Monday, February 25, 2008

Finally, some pictures....

Every day I wake up planning on having some quiet time during the day to add to the blog, and, like so many other things, it just seems to get pushed farther and farther down the list. It's pretty tough to make blogging my first priority when I'm in Colombia, sharing some of my favorite places in the world with some of my favorite people.
The group of thirteen has now dwindled to a more manageable six as we spend our last few days relaxing in Cartagena, but I thought I'd share some pictures from the last two weeks of activities.

Here's a picture from our first day in Bogotá. Ten foundations were chosen to take part in the photography workshop where Eliza Massey, Sasha Felix, and the other travelers, helped me teach foundation leaders and children from all over Colombia how to use digital photography to make a difference in their lives and the lives of others. They were given a digital camera and continued training and support on the use of flicKr and other web 2.0 tools to help raise awareness and share images and stories directly from vulnerable and marginalized populations in Colombia.
In this shot, Eliza explains the importance of framing the perfect scene and patiently pursuing the subject of the photograph.

Here, Meredith Ralston shows a few young boys from Barranquilla how to check the photographs they've just taken.

Eliza zooms in on a serious Colombian soldier who tries not to crack at a smile at the group of giggling Americans.

Loose donkey the Milagro de Abril foundation in Barranquilla

Samuel, a deafblind 23 year old and his interpreter. Here, he demonstrates the way the braille system works and the way that computers and other new technology can be adapted to help deaf and blind people learn, express, and communicate.

Monday, February 18, 2008

Camden to Colombia....

Heading into day four in Colombia, it still seems slightly surreal to be here with 11 Americans, visiting foundations and seeing projects that I have spoken about so many times, but so rarely been able to share the experience with anyone first hand. So often over the years, I've separated my American life from my Colombian life and my social life from my volunteer work, but being able to spend time with some of my best friends, while teaching them about the country and social projects that mean so much to me is indescribable. We arrived late on Friday night, and first thing Saturday morning met with 10 foundations from all over Colombia to give a workshop on the use of digital photography to raise awareness about social causes and provide kids with an artistic outlet. Eliza Massey acted out the photographic process with her normal enthusiasm and charisma, lying on the floor, crouching down, and lurching behind her subjects in order to show the kids how to get just the right picture.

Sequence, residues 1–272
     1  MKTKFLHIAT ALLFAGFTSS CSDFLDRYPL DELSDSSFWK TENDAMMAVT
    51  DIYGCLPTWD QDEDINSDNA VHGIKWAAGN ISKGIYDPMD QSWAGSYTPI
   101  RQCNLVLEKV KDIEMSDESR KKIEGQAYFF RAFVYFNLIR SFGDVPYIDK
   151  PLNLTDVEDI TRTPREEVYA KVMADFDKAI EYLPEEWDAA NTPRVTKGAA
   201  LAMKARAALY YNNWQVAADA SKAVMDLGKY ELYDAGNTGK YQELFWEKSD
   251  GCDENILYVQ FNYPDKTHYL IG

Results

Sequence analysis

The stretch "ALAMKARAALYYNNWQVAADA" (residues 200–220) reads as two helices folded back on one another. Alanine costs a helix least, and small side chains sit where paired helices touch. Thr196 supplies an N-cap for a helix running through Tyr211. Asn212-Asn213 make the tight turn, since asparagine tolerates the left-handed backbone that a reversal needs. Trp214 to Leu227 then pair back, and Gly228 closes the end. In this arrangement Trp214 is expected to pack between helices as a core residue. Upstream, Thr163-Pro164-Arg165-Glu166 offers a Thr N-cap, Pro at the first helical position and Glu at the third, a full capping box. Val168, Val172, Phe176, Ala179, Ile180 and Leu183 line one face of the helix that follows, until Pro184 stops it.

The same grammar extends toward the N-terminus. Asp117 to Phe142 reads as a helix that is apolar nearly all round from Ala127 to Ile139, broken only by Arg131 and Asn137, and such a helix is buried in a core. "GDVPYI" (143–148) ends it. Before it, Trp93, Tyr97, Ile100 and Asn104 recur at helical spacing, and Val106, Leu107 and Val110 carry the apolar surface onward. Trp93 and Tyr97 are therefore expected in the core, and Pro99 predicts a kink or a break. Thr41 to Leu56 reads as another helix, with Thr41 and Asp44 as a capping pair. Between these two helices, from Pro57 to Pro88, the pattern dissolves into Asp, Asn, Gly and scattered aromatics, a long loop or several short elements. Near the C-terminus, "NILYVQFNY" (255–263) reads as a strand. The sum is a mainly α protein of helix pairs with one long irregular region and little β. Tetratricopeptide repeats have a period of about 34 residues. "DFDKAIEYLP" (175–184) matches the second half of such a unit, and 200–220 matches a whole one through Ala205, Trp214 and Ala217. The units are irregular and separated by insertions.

We listened to the goals and proposed projects of all the foundations, all of which are grassroots initiatives in severely marginalized, impoverished, and often violent parts of Colombia. One project, called Shooting Cameras for Peace, attended our workshop and offered their experiences working with kids, cameras, and violent conflict. We will be working to support the continuance of their project and they will be offering us guidance and follow up support to the foundations in Colombia that have been awarded cameras.
There's a lot more I could write.... we've been visiting neighborhoods, learning sign language with deafblind kids, and today, we visited Fundacion Formemos, the first place I worked when I arrived to Colombia.... I'll add more in the next couple days, but right now, having stopped to rest for the first time all day, I'm realizing how exhausted I am want to try and get at least one full night of rest. My friend Kevin Hanson, has also started a blog. He came to Colombia for the first time several months ago after a trip I helped him organize through Partners of the Americas and, having fallen in love with Colombia, he's back for a couple months to help me with the photography project and intern with various other organizations. Some of you might find his comments interesting as well.